Even as the airlines resumed operations, the remnants of the storm posed problems. For instance, Delta said snow continued to hamper operations at LaGuardia and Newark airports.

On Monday, airports in the New York City area and Washington D.C. metro areas suffered the highest number of cancellations. For some travelers in those locations, getting home continued to be an adventure.

Newark Liberty International listed 260 canceled flights and 48 delays as of Monday afternoon, the most of any U.S. airport, according to the flight tracking service FlightAware. Meanwhile, LaGuardia listed 177 canceled flights and 30 delays with John F. Kennedy airport listing 46 cancellations and 40 delays.

In Washington D.C., Washington Dulles International listed 128 cancellations and 5 delays. Reagan National had 124 cancellations. Baltimore/Washington International listed 74 cancellations.

John Escobar, 27, finished a three-month work contract surgical technician at New York Presbyterian/Lawrence Hospital in Brooklyn on Friday and has been trying to get home to Fort Lauderdale ever since.

Escobar had flights canceled Saturday and Sunday. He booked a flight Monday on American Airlines, but there were no direct flights for under $1,000, “so I’m flying to Boston, then Charlotte, then home.”

Among the major airlines, United Airlines, which is owned by United Continental Holdings Inc., suffered the brunt of cancellations as it has key hubs at both Newark Liberty and Washington Dulles. There are already more than 200 flight cancellations for Tuesday, with the bulk from United Airlines’ regional carrier United Express at Washington Dulles.

Overall, airlines canceled about 13,000 flights for the five-day period Friday through Tuesday.

The storm dropped snow from the Gulf Coast to New England, with near-record snowfalls tallied from Washington, D.C. to New York City. At least 31 people have died as a result of the snowstorm. The deaths occurred in car accidents, from carbon monoxide poisoning, and from heart attacks while shoveling snow.


William Mathis at LaGuardia Airport in New York City contributed to this report.

14 cadets disciplined at Citadel; some wore KKK-like garb

14 cadets disciplined at Citadel; some wore KKK-like garb

CHARLESTON, S.C. (AP) — A total of 14 cadets have been dismissed, suspended or are receiving on-campus punishments at The Citadel after several of them appeared in photos with pillowcases on their heads similar to Ku Klux Klan garb, the military college’s president announced Monday.

The photos of seven freshmen cadets dressed in white pants and shirts while wearing pillowcases surfaced on social media last month. An investigation found that the cadets were ordered by upperclassmen to sing Christmas carols dressed in costumes, college President retired Lt. Gen John Rosa said in a statement. The photos involved a “Ghosts of Christmas Past” skit.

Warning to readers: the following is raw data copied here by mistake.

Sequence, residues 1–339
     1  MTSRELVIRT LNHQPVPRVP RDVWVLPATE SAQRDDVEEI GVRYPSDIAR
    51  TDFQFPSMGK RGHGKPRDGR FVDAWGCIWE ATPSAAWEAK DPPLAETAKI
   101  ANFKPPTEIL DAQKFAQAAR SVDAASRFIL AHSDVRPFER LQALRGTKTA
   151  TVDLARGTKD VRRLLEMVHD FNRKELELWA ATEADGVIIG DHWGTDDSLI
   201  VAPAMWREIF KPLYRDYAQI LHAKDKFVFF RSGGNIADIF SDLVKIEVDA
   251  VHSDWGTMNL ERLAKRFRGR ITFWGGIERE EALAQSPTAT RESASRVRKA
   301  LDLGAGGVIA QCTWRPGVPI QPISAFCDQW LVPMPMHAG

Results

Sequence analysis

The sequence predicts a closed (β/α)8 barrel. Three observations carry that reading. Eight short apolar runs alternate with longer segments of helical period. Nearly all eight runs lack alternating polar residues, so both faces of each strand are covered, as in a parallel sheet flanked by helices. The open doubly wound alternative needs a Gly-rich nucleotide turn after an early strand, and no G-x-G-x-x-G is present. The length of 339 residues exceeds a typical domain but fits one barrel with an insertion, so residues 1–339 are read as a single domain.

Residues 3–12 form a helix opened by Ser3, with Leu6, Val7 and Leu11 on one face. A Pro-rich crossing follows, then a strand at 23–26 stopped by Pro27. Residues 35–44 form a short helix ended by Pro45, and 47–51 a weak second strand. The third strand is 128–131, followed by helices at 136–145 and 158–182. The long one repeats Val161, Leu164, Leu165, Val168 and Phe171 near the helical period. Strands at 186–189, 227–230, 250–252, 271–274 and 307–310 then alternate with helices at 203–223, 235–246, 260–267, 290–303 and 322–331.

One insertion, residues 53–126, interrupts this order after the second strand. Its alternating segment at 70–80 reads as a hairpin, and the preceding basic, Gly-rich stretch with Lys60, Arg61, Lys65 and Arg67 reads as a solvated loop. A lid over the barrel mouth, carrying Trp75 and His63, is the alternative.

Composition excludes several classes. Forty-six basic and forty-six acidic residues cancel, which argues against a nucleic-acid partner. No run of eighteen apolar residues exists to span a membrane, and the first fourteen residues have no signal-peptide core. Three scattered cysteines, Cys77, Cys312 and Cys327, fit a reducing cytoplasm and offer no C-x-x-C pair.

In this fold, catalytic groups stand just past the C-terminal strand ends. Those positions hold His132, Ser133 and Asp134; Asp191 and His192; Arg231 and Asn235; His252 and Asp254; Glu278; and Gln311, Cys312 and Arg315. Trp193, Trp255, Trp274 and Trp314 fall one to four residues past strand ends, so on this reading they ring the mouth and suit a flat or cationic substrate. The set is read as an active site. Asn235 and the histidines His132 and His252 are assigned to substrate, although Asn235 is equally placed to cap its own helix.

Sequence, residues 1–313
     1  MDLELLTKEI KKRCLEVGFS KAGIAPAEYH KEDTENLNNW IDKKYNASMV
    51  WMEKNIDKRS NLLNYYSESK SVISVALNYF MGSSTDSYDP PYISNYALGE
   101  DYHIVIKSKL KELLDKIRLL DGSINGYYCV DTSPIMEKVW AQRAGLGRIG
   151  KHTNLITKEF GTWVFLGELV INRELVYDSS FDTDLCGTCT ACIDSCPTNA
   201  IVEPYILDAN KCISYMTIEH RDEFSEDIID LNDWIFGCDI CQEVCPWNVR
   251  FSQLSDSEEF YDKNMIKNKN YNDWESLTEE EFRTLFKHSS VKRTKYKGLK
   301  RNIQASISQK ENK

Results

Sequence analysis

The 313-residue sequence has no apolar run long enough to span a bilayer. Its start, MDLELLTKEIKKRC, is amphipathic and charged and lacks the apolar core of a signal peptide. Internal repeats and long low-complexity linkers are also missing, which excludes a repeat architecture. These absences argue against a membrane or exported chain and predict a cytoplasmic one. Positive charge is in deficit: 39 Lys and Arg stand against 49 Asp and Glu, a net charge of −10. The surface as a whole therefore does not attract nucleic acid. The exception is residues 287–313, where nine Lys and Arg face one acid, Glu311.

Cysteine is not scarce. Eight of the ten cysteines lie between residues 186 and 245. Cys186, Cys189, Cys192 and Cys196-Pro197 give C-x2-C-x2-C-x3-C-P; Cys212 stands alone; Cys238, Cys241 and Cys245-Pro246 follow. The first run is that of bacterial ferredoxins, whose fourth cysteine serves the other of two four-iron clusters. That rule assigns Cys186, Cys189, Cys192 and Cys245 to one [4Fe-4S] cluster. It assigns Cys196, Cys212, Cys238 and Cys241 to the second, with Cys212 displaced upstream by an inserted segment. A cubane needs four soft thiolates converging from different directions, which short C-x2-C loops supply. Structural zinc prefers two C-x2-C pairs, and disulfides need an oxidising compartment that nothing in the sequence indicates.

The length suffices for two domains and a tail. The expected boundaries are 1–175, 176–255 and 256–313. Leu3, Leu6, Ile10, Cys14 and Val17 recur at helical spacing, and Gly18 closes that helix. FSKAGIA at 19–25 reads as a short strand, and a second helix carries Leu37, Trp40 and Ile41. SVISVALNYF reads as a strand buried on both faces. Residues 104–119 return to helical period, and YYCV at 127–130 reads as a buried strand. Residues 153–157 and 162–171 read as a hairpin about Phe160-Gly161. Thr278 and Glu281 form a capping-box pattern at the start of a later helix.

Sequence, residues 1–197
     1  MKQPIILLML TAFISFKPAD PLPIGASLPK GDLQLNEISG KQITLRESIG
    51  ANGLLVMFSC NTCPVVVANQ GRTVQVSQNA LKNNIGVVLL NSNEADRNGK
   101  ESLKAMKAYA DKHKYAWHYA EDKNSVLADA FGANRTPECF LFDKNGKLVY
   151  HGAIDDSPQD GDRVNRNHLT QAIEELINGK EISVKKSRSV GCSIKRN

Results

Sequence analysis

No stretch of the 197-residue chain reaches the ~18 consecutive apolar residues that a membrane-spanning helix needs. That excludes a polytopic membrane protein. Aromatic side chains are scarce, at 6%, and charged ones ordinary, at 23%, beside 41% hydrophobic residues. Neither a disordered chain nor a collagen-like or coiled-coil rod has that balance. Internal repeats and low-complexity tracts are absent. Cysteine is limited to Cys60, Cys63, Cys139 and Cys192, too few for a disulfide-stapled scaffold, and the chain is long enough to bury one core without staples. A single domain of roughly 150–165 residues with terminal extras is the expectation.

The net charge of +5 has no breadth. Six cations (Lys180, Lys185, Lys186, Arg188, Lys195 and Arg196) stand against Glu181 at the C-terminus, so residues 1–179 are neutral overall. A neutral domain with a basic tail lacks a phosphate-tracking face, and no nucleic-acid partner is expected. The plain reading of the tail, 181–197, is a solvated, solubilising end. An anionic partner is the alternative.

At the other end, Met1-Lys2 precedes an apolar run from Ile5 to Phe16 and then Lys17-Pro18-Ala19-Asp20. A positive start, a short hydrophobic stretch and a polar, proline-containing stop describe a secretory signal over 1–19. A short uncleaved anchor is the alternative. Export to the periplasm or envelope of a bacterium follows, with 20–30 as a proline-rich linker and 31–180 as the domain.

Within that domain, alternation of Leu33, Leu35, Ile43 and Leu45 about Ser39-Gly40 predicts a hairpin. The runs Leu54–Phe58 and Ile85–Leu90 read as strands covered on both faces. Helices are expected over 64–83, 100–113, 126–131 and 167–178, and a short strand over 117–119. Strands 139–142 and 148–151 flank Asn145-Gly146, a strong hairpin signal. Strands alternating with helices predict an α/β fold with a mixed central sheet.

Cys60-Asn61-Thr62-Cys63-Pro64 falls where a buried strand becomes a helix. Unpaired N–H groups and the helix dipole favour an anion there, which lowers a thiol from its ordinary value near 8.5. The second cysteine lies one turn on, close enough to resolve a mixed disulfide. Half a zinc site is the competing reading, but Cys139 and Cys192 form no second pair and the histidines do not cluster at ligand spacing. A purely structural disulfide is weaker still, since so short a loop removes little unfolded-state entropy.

Within an hour of the event, several other cadets reported it to leaders. Initially, eight cadets were investigated but the inquiry was later expanded to include 14.

“The investigation found that the cadets did not intend to be offensive. However, I am disappointed some recognized how it could be construed as such but didn’t stop it,” Rosa said.

He said the song sheets contained only the words to carols and nothing offensive and “at the outset, not all of the freshmen understood that the costumes could be construed by some as offensive.”

But Rosa said while the skit had no ill intent, “it did show poor judgment. It demonstrates that we must integrate an even higher level of diversity education into cadets’ daily activities.”

Civil rights leaders had called for Rosa to resign but dropped the call after they met with the Rosa last month and he told them the cadets were going through the college’s appeals procedure.

College spokesman Brett Ashworth Rosa also spoke with leaders of civil rights groups before the investigation results were released Monday.

Ashworth said one upperclassman has been dismissed from the college, meaning the student must leave for two semesters before asking to be readmitted. Two upperclassmen have been suspended, meaning they must leave for a semester.

The other cadets are being punished by marching tours. A tour is marching in the military school barracks shouldering a gun for 50 minutes.

Dot Scott, the president of the Charleston Branch of the NAACP, said it was appropriate there was no blanket punishment “simply because the younger people who are listening to those who are their seniors did what they were instructed to do.”

She added “I feel good about what’s happening now” at The Citadel but said that there is still a ways to go and that the Confederate flag needs to be removed from the college chapel.

The school’s Board of Visitors voted to have the flag removed after the Charleston church shootings in June. Dylann Roof, a white man who posed with a Confederate flag for online photos, has been charged with killing the nine black parishioners.

But under the South Carolina Heritage Act, removing the flag needs approval from the state General Assembly.


Follow Bruce Smith at His work can be found at